Many Ways to Be Deaf: International Variation in Deaf
Deaf People’s Attitudes about Hearing People
If deafness is an inconvenience, then the ability to hear is a profound convenience and a great gift. In the minds of Chiying deaf people, being hearing was related to literacy, perhaps to intelligence, and ultimately to success in life. They seemed to feel that their only impediment to success is their deafness and that hearing people’s success in their society is entirely because of their hearing. I found out soon after my arrival that the children saw my hearing status as utterly incongruent with the fact that I could not write Chinese characters very well. My obvious racial and cultural differences did not excuse me in any way. To them, it was preposterous that I was not literate in Chinese because I was hearing. Indeed, particularly at the beginning, even the adults seemed surprised that I could not be counted on to read the simplest of sentences written in Chinese characters. Over the months, in casual discussions that mentioned one hearing person or another who found the perfect spouse, wrote a book, or made a lot of money, the unsurprised response was, “Of course. She (or he) is hearing.”
Although the deaf people seemed to envy and admire the ease with which a hearing life may be lived, they were a little “afraid of” or put off by hearing people. On an outing one day, two of the children and I attracted a great deal of attention from hearing people who saw us walking and signing together. Five or six people began to gather and stare. They seemed to be talking about us, but they spoke in Taiwanese, so neither the children nor I understood what they were saying. I was extremely uncomfortable with the attention; it was a great shock after being inside the gates of the Chiying School where signing was not only accepted but also expected and was certainly nothing special. In my annoyance, I realized that, outside the school, signing was fair game for this sort of attention, as are many behaviors that the local community thought of as odd in some way. I tried to ignore the attention, as did the children—or so it seemed. But after we had managed to catch a bus and leave the interested crowd, one of the children told me, “I’m glad to be out of there. I’m afraid of hearing people.”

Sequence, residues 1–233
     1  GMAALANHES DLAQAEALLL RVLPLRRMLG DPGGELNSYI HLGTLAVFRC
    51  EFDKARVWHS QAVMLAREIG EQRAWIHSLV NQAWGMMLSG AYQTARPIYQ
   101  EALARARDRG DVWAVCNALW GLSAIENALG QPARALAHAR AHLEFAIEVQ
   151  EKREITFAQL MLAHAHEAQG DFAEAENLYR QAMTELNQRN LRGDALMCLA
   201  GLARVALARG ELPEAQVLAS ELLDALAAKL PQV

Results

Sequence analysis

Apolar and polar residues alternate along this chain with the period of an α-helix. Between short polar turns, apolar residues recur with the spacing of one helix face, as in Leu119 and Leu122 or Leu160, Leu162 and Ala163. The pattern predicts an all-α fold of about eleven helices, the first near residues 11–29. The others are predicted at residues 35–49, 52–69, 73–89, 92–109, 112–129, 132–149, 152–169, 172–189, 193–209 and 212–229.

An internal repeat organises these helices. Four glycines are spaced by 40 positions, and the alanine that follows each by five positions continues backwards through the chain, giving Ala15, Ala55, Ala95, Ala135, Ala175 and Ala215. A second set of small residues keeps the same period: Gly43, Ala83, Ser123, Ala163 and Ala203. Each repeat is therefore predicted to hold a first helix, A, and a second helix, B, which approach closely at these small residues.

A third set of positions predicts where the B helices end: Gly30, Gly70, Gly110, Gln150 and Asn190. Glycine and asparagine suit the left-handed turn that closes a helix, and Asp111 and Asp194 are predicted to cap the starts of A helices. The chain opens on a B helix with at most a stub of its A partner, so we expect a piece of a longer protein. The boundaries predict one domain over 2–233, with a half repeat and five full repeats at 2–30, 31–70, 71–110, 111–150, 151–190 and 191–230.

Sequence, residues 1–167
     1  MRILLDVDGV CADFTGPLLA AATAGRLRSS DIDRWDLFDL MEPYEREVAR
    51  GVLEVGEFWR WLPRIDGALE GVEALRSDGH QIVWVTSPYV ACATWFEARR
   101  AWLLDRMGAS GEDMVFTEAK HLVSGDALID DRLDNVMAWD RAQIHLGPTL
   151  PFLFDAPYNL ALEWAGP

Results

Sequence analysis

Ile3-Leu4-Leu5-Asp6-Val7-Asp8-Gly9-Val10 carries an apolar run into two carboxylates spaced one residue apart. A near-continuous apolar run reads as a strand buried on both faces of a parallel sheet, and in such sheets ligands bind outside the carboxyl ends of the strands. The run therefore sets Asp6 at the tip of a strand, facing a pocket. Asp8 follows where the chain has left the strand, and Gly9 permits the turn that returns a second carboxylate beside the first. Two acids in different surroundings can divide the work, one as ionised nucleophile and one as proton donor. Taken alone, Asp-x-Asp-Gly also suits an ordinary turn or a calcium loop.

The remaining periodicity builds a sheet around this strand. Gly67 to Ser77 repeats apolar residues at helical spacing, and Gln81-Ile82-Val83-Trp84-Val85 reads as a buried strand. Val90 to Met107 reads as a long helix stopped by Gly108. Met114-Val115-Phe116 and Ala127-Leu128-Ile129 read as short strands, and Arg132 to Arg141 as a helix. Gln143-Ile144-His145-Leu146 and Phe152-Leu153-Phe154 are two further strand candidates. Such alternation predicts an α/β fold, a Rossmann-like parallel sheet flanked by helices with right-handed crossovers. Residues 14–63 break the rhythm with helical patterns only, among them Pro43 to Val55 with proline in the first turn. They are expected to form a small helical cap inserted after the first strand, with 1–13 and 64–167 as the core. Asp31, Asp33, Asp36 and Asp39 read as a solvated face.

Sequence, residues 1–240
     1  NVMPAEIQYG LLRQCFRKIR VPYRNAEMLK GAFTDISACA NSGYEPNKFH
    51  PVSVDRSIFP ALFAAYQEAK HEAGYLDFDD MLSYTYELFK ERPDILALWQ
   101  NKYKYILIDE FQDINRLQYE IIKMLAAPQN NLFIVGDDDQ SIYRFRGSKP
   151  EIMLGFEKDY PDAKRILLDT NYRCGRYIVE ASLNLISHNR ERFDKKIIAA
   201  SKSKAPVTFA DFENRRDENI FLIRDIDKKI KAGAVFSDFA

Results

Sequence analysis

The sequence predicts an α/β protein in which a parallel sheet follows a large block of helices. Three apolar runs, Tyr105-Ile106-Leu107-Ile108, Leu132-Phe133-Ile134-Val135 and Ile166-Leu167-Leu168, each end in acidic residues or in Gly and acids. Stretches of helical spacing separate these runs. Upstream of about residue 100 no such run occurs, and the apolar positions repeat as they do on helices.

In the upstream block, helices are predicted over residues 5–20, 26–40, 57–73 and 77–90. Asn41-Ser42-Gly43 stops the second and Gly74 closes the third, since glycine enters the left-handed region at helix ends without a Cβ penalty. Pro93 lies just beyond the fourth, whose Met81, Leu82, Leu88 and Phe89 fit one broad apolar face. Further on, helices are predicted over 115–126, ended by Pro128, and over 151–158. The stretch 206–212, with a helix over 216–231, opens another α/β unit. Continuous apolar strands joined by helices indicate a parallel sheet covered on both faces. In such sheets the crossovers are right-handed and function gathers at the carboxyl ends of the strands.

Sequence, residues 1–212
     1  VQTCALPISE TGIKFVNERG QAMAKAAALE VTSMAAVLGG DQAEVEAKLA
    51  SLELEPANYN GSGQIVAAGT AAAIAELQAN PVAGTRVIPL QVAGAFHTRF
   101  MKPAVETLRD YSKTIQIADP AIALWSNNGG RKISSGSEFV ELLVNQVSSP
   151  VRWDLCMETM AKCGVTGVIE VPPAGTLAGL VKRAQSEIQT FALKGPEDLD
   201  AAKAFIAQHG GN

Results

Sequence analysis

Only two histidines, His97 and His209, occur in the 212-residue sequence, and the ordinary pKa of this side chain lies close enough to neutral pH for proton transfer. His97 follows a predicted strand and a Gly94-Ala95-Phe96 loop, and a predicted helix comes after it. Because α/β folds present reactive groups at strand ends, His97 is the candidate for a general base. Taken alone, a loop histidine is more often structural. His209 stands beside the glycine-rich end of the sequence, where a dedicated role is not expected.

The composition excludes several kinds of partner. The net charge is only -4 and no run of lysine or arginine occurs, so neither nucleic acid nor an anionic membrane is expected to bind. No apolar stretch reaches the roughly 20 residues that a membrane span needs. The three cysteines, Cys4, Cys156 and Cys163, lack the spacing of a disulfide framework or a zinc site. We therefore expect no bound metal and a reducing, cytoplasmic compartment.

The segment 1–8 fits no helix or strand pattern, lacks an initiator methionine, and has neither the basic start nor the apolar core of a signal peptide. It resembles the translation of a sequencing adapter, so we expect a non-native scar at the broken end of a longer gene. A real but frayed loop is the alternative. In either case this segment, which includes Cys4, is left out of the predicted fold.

No one I knew admitted to disliking or liking hearing people simply because they were hearing. Most of the deaf people I talked with seemed to hold hearing people in general in high regard; some said they had a number of tolerant hearing friends. Some deaf people thought deaf people were kinder and easier to get to know whereas hearing people were stiffer and harder to talk with. Others seemed to want to have hearing friends but did not know quite where to begin to cultivate any. Other deaf people did not much care whether their friends were deaf or hearing as long as they had some of the same beliefs and attitudes. In a memorable conversation, one deaf man said, “If a hearing person’s heart and my heart are going the same way, fine, but otherwise, I’m not interested in hearing people.”
Hearing People’s Attitudes about Deafness and Deaf People
In many parts of the world, a signed language seems to hold a certain attraction for hearing people, and Taiwan is no exception. These days, ample evidence indicates that hearing Taiwanese are attracted to and interested in TSL. According to a conversation with Smith in 1991, sign language classes available in Taipei in the 1970s were full as soon as they were offered (Chao 1994, 347). Interpreters appear in boxes on Taiwanese television, and Taiwanese airlines feature interpreted safety announcements. Many hearing people accept the abstract idea that deaf people are valuable citizens and should be treated and thought of well, all things being equal. However, some hearing people harbor a deep disdain for deaf people, including some hearing people who are intimately tied to deaf people.
A hearing child of deaf parents told me a painful story of eating in a restaurant with his parents as a young child. The waiters made fun of his parents’ signing, and he retaliated by throwing food on the floor. During his later childhood years, children from hearing families teased him because of his deaf parents. Classmates treated him in this manner until he reached college age. Deaf parents reported again and again that their hearing children wanted little to do with them. Deafness flags possible social problems, and few would want to marry someone whose parents do not have advantages of money and position needed in Taiwanese society.